"I think it is human nature to avoid death, and given the choice to peacefully captivate, convert or flee, the tribesmen would have done it, to save his own skin." My God, no! You underestimate the power of the subjectivity of children. They would be more than happy to die for their God, if it had been so instilled in their young minds. Even if the rest of the tribe were wiped out, that one individual would still carry his religion and believe what he did.

      "At the point where you are physically happy to kill other people for religion, I would argue that it is a distortion of human mentality." You might not think so, but humans are organisms just as any other, and it is perfectly within our capacity, not to mention nature, to kill another human being. One might argue that people who think nothing of killing are humans in their most purest and primal form. The advancement of human society has been based solely on conquering human nature. Call me cynical lol

      "if people know that a better option is out there, they will want it." I don't think you understood the full scope of the case I made. I'm speaking of the indoctrination of youth; they are raised thinking that there is no better option! That what they are given is the best thing they can have, they'd have no reason to doubt that and even if there was something better their perception would be so deluded that they wouldn't know it. They are raised without freedom, happily, and there is NO inherent urge inside them for freedom.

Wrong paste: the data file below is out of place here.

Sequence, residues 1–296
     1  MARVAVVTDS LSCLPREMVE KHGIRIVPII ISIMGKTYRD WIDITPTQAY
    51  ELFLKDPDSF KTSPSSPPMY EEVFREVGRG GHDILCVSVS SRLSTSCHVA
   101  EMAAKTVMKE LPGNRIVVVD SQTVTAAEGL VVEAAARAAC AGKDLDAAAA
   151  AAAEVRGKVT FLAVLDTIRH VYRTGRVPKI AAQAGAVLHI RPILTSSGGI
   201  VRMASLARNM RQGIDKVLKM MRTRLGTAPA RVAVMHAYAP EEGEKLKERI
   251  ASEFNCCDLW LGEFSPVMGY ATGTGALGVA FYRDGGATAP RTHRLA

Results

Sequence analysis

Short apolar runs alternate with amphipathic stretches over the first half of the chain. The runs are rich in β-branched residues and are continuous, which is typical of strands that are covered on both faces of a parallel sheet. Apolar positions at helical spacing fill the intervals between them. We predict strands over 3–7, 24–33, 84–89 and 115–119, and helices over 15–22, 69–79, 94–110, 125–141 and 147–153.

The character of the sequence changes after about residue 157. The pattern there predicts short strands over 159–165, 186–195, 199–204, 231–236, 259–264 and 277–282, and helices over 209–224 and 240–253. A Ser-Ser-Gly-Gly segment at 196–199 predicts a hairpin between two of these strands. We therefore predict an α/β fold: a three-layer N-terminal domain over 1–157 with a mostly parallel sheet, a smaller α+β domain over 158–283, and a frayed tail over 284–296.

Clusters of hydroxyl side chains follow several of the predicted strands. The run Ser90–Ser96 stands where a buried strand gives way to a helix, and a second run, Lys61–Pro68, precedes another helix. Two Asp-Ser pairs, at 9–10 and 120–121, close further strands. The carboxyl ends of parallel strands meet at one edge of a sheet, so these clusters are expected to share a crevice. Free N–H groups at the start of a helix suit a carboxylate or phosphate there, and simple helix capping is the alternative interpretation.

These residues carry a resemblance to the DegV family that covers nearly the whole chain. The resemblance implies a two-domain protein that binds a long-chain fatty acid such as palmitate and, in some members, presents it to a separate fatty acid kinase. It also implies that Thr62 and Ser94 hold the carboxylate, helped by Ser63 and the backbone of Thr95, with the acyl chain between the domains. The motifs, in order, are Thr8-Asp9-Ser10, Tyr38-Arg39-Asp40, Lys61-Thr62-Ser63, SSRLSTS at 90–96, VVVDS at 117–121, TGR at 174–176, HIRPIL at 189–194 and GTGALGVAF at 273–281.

When a dog gets a bone, it is happy, so why not say that all emotional animals desire knowledge of things that would make them happier? And an ant doesn't cry when it's stuck in a bowl, as we don't cry because we are stuck on this bit of cosmic dust called Earth. It's all relative!

      Sorry about the length, I need an editor! =)

    • Philanthropy2012 profile image
      Author

      DK 5 years ago from London

      @steve,

      I can see where you're saying, but I can't see how it works: "the fear of death is what keeps them alive. It's what keeps them fighting." That's to say that these people without fear of death, would kill themselves! I wouldn't say that the only reason these people live is because of fearing death, they see it as something to overcome, because they still have hope. When all hope is lost, people end themselves. It's hope of life that keeps them going, not fear of death :L

      "One might argue over the universality of it, though." Do you think there are people who are happy with achieving nothing on their time on earth? I think to some extent, everybody wants to have some sort of purpose on this earth.